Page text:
University of Georgia
Cornell University
Virginia Tech

Post-Doctoral Training

Post-Doctoral Training, Endocrine Research Fellow, Division of Endocrinology & Metabolism
Beth Israel Hospital/Harvard Medical School (Boston, Massachusetts)


Current research

Dr Houseknecht's research program lies at the interface of neuroscience and endocrinology/metabolism. Whether studying drugs of abuse or atypical anti-psychotic medications (SGAs), her research focuses on the pharmacology underlying mechanisms of action and mechanisms of adverse events (safety), particularly central nervous system regulation of whole-body energy metabolism (including diabetes). Dr Houseknecht's work also specifically focuses on novel therapeutic discovery, leading pharmacology and drug metabolism efforts to enhance drug target identification/validation and lead development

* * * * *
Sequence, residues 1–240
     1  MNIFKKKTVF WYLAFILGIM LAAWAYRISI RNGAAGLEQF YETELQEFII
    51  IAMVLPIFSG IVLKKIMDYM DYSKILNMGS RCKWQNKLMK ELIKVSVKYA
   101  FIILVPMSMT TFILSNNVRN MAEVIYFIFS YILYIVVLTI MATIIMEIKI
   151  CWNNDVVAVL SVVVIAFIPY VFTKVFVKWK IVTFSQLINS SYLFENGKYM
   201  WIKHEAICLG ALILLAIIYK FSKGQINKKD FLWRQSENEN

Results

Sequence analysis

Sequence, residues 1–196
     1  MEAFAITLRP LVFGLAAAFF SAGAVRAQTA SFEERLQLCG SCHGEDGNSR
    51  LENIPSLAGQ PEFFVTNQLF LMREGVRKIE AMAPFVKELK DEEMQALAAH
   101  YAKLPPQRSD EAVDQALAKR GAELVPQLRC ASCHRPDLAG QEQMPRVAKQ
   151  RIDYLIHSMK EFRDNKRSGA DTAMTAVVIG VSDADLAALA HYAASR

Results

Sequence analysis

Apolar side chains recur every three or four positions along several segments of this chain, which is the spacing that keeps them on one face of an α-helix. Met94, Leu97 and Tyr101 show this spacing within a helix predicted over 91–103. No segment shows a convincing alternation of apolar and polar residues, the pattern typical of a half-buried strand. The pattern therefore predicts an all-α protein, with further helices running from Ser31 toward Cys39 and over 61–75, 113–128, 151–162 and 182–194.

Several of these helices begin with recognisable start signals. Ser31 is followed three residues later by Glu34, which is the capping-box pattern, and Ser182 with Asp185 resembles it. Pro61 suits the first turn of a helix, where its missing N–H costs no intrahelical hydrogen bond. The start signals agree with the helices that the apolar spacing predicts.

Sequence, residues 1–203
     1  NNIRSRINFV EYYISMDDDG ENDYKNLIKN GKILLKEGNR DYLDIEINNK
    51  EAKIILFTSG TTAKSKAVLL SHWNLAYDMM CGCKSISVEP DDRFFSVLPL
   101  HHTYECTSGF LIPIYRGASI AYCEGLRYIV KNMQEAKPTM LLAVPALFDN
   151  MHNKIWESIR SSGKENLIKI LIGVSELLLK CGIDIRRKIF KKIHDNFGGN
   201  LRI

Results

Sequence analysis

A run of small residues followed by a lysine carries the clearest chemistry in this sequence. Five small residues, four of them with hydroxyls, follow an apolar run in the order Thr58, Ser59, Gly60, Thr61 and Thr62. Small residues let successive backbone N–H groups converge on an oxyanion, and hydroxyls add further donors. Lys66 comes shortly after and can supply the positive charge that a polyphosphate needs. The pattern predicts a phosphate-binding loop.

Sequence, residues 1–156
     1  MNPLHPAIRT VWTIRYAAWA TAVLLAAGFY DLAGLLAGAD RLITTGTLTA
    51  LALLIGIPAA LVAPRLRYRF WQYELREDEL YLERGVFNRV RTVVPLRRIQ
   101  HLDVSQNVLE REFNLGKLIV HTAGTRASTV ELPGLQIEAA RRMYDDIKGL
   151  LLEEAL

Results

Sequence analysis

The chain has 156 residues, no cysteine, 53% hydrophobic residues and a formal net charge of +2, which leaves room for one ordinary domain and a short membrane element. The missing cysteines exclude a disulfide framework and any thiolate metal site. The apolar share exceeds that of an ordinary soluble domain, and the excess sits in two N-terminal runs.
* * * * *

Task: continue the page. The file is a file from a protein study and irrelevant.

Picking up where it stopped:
Selected publications

Houseknecht, K.L., Bouchard, C.C. and Black, C.A. 2017. Mini-Review: Elucidating the mechanism(s) underlying antipsychotic and antidepressant-mediated fractures. J. Mental Health & Clin Psychology 1:9-13.                                          

Motyl, K.J., Beauchemin, M., Barlow, D., Le, P.T., Nagano, K., Treyball, A., Contractor, A., Baron, R., Rosen, C.J. and Housenecht, K.L. 2017.  A novel role for dopamine signaling in the pathogenesis of bone loss from the atypical antipsychotic drug risperidone in female mice. Bone 103:168-176.

McLane, V.D, Bergquist, I., Cormier, J., Barlow, D.J., Houseknecht, K.L., Bilsky, E.J. and Cao, L. 2017.  Long-term morphine delivery via slow release morphine pellets and osmotic pump:  Serum concentration, analgesia, and naloxone-precipitated withdrawal. Life Sciences 185:1-7.

Motyl, K.J., DeMambro, V.E., Barlow, D., Olshan, D., Nagano, K., Baron, R., Rosen, C.J. and Houseknecht, K.L. 2015. Propranolol attenuates risperidone-induced bone loss in female mice. Endocrinology 156:2374-83.